Legal experts say Craigslist could have continued offering the space, which law enforcement and victim advocacy groups blame for making it easier to find and sell underage victims of sex trafficking.

  • Craigslist Adult Ads Under Fire

    Date published: 
    August 31, 2010

    Ryan Calo, a senior research fellow at the Center for Internet & Society, talks to Michael Krasny of KQED Forum about the legality of Craigslist's adult services:

    Seventeen state attorneys general sent a letter to Craigslist last week, calling on the San Francisco-based classified ad website to shut down its "adult services" section over prostitution concerns. We take up the debate over the online ads.

    ...

    Host: Michael Krasny

  • Prelude To A Book Review: Barbara van Schewick’s Internet Architecture And Innovation

    Date published: 
    August 27, 2010

    Professor Barbara van Schewick's book, Internet Architecture and Innovation, is reviewed by Danielle Citron on Concurring Opinions:

    In the next few weeks, Concurring Opinions will be discussing various aspects of Internet policy in earnest. On September 7 and 8, we will hold an online symposium on Jonathan Zittrain’s The Future of the Internet (And How To Stop It) featuring thoughtful scholars, journalists, and (lucky for us) the author.

  • Essential new book on 'Net Policy (blessed by Lessig!): "Internet Architecture and Innovation"

    Date published: 
    August 12, 2010

    Professor Barbara van Schewick's book, Internet Architecture and Innovation, is reviewed by Xeni Jardin of Boing Boing:

    Marvin Ammori has an extensive review up on Barbara van Schewick's "Internet Architecture and Innovation," a new book on Internet policy that Ammori describes as "essential reading for anyone interested in Internet policy--and probably for anyone interested in the law, economics, technology, or start-ups."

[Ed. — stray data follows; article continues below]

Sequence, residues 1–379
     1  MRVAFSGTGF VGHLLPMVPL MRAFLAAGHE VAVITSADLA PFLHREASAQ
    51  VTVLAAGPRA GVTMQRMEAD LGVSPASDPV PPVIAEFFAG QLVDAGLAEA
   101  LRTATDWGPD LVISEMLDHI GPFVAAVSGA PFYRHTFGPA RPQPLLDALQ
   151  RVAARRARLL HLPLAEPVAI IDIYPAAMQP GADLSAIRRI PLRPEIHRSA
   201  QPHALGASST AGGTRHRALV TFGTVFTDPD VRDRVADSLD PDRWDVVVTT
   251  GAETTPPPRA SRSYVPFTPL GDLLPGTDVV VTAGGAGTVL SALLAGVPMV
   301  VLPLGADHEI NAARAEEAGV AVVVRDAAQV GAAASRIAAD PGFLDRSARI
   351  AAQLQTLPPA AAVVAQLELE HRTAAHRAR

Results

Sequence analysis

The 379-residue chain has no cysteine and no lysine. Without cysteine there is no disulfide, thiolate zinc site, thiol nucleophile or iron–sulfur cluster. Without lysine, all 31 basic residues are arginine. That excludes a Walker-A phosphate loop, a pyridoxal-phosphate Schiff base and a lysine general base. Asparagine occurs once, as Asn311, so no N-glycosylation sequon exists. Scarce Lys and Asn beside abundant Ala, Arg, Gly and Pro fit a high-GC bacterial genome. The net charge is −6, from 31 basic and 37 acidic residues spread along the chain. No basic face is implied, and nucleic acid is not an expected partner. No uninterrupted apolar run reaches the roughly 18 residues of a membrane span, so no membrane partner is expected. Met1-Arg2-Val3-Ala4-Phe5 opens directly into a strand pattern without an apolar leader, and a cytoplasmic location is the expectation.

• Internet Policy: Most Important Book In Years is Now Out

    Date published: 
    August 11, 2010

    Professor Barbara van Schewick's book, Internet Architecture and Innovation, is reviewed by Center for Internet and Society visiting scholar, Marvin Ammori, on his website:

    There’s a new book out on Internet policy that is essential reading for anyone interested in Internet policy—and probably for anyone interested in the law, economics, technology, or start-ups. I recommend it to everyone. It’s that good.

  • Putting A Price On Privacy

    Date published: 
    July 21, 2010

    Ryan Calo, a residential fellow at the Center for Internet & Society, is quoted in The International Herald Tribune on the value of personal information online. Steve Lohr reports:

    I recently wrote a column about a San Francisco start-up that is betting the time has come to make personal information online not only an asset consumers can manage but also a virtual currency that can be traded someday.

  • The Economics Of Privacy Pricing

    Date published: 
    July 19, 2010

    Ryan Calo, a residential fellow at the Center for Internet & Society, is quoted on the difficulty of determining the value of personal information in the marketplace:

    I wrote a Sunday column about a San Francisco start-up that is betting the time has come to make personal information online not only an asset consumers can manage, but also a virtual currency that can be traded someday.

  • The Web Means The End Of Forgetting

    Date published: 
    July 19, 2010

    Ryan Calo, a residential fellow at the Center for Internet & Society, is quoted in the New York Times on privacy issues in the age of online social media and his research on the effects of anthropomorphic icons on online sharing activities. Jeffrey Rosen files this story: